The gist of my January article was, “take a deep breath before you panic this year”. That sure didn’t last long.
Much like Europe, we have descended into full-blown Covid-19 hysteria in Kansas.
The panic selling on stock markets has even taken over agriculture commodities on the Chicago Mercantile Exchange. The meltdown defies all logic and with any sort of length will bankrupt rural America – and for no good reason.
Live cattle prices quickly fell from $1.28 (£1.10) a pound on the CME Futures to 85 cents (73p).
This was of course due to supply and demand, right? Wrong. Consumers have panic bought meat and driven meat prices to multi-year highs.
Much like the fire at the Tyson beef plant six months ago, the processors have not let a tragedy go to waste and are profiteering while their suppliers (rural America) struggle.
The small, family-owned businesses in our small towns are also suffering a great deal. Restaurants have been ordered to close and the one factory in our town that makes Boeing parts is all but shuttered.
I have a friend who has a small business where he takes pictures (darn good ones) of rural Kansas and sells them to hospitals and doctors’ offices for their waiting rooms.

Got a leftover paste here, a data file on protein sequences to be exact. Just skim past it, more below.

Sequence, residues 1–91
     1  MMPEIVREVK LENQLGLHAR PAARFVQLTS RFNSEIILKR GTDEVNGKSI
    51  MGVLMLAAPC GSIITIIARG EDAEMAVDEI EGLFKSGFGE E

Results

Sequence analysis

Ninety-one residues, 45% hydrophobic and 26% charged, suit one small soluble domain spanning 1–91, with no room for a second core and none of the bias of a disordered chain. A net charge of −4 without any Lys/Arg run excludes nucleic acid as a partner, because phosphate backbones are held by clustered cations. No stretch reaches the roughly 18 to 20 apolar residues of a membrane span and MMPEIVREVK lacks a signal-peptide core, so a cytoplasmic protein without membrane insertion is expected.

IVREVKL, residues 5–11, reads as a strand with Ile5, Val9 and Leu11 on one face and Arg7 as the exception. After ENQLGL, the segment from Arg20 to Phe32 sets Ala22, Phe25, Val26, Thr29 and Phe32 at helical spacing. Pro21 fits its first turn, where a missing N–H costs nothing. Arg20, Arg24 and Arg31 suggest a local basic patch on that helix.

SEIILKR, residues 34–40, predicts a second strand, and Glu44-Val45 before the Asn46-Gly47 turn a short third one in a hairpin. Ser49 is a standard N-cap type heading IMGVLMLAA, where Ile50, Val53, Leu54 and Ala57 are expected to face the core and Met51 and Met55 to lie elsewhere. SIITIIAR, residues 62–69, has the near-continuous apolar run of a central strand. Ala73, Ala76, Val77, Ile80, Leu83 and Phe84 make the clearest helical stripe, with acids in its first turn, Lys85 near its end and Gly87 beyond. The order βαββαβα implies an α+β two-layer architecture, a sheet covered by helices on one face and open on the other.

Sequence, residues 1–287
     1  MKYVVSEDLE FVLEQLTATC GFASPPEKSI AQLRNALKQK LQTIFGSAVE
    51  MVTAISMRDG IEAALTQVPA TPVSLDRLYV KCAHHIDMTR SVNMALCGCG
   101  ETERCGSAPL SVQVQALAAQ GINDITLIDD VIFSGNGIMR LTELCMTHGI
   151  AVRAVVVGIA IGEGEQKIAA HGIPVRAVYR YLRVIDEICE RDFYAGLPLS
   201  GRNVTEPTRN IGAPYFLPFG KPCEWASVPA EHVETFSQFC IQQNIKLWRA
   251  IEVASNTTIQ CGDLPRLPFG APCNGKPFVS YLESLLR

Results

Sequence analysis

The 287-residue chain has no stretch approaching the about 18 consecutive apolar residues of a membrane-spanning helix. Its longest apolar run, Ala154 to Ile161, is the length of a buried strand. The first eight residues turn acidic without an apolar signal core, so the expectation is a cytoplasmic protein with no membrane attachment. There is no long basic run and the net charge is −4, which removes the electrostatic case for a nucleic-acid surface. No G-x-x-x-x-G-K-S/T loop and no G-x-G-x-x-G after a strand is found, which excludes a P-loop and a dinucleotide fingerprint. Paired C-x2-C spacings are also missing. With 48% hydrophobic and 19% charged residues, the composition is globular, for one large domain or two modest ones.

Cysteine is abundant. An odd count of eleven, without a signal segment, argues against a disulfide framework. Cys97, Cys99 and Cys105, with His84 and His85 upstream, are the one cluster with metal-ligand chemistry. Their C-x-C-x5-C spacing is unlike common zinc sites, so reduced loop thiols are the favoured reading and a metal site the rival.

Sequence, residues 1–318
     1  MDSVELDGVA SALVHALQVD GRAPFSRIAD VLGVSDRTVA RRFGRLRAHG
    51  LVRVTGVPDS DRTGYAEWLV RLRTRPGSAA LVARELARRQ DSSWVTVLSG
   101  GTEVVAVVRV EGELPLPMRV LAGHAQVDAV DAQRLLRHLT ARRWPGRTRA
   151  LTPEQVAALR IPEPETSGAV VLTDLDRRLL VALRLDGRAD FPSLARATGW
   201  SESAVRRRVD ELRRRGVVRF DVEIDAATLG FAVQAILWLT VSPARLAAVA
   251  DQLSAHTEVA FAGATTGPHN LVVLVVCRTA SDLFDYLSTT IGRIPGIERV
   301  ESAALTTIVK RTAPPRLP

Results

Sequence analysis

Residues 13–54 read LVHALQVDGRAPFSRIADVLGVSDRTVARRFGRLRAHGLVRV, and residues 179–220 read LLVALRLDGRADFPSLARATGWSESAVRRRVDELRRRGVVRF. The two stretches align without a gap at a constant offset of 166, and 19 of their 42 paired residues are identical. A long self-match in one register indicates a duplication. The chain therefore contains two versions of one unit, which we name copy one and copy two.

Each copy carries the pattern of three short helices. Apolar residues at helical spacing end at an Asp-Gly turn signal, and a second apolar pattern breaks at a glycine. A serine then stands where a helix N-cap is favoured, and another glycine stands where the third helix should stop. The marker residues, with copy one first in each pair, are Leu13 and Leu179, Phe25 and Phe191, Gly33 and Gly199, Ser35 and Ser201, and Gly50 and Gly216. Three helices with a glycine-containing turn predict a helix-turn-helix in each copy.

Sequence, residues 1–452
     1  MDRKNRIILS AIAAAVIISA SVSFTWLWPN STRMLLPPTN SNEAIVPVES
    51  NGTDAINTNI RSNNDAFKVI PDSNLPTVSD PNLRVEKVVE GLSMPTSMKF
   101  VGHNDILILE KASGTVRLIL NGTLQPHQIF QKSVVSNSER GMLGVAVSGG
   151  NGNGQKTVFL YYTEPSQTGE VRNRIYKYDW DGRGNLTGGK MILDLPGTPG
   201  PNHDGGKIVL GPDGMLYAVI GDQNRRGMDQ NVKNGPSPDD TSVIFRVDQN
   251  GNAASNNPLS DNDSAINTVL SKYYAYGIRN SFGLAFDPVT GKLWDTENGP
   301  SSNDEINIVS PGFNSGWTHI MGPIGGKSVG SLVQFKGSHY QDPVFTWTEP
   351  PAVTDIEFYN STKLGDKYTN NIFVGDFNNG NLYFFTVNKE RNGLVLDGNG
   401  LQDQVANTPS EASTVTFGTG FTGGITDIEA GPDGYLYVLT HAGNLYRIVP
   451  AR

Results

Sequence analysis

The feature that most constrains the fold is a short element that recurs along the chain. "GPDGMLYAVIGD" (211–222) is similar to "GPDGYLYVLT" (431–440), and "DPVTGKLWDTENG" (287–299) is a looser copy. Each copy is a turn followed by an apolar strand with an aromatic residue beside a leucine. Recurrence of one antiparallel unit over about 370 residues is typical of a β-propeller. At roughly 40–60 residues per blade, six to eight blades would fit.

In the name of prudence, he may lose everything. Meanwhile, in the closest Walmart, when people got done making a panic run on the milk, they moved to the butter.
Do you melt butter and stir it in water for a milk substitute? That one is dumber than the toilet paper.
I don’t dispute that the virus has the potential to be a disaster. I am not an epidemiologist, but epidemiologists aren’t economists either.
In our rush to “flatten the curve” I worry that we also didn’t talk about the true economic costs of the consequences.
These decisions are a bit beyond my pay grade, but when Trump and other world leaders talk about treating Covid-19 like the Second World War, I can’t help but wonder if they are going to leave rural America looking like Dresden or Stalingrad.
Daniel Mushrush is a Farmer Focus writer from Kansas. Read his biography.